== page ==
‘Save the Humans’ by giving blood

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@cobythecat
Vitalant spokescat Coby is promoting the Save the Humans campaign, calling for blood donors to help during a difficult time of the year.

JASON HAWK
EDITOR

The time to give blood is right meow, says Coby the cat.

“Happy 2019, humans! Your furry friends want you to start your new year off on the right foot by becoming a life-saver through the simple act of donating blood,” the Instagram-famous spokescat for Vitalant said. “We love you and need our best friends around.”

Formerly known as LifeShare Community Blood Services, Vitalant provides blood to the hospitals that serve Lorain County’s 300,000 residents.

There is a constant need for donations. In fact, nearly 110 blood donations are needed each day to meet the needs of people throughout Northeast Ohio, according to Vitalant president and CEO Dave Green.

But January — which is National Blood Donor Month — is one of the most difficult times of the year for blood drives.

Winter weather can cause drives to be canceled. And cold and flu season can make donors too sick to give.

“National Blood Donor Month is a critical time to donate and we hope that people of all ages will start the new year by realizing their life-transforming potential of giving blood,” Green said.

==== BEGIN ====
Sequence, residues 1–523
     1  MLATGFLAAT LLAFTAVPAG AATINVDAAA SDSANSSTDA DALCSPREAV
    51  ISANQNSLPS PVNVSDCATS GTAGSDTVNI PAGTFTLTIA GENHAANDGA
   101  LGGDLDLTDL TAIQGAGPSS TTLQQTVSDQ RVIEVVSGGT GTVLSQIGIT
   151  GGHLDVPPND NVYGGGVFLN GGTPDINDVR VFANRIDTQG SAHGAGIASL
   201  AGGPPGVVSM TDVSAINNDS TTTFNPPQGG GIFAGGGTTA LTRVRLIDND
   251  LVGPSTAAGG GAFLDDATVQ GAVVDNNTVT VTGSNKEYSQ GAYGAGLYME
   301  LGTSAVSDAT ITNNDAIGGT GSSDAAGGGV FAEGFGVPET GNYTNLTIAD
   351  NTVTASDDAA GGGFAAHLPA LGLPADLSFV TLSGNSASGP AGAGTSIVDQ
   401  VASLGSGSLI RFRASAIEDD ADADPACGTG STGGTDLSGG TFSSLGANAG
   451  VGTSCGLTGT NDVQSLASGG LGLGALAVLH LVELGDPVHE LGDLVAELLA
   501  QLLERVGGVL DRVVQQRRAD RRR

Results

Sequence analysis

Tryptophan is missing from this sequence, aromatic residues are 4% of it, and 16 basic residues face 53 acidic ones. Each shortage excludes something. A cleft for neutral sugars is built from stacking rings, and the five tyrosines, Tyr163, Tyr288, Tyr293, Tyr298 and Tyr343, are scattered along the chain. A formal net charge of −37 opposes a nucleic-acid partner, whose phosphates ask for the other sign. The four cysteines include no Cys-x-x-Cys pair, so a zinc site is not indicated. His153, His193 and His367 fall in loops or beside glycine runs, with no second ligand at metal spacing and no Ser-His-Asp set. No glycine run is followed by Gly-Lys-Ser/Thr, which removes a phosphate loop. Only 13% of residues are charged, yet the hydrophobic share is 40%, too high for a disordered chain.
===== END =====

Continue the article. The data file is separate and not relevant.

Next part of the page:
Statistics show younger people need to become more involved as donors. Nearly 60 percent of blood donations come from people over 40 and nearly 45 percent come from people older than 50.

“People under 40 aren’t donating like generations before them, so we’re teaming up with animals to Save the Humans,” Vitalant’s website says. “When you donate blood, it doesn’t just help people during disasters. From surgery to fighting cancer to giving birth, blood donations are used to save around 12,000 lives a day. A lot of the medical care we take for granted wouldn’t exist without blood donations.”

Almost 40 percent of the U.S. population is eligible to donate blood. The trouble is that less than 10 percent do.

And here’s the sticker: If all blood donors gave three times per year, shortages could be completely eliminated.

Donors must be at least 16 years old (minors must have permission from a parent or guardian), weigh 110 pounds or more, and be in good health. There are additional height and weight requirements for people ages 22 and younger.

Donating takes about 10 minutes.

The nearest place to give blood is at 710 Leona St., Elyria. While walk-ins are accepted, appointments are strongly encouraged — call 440-322-5700.

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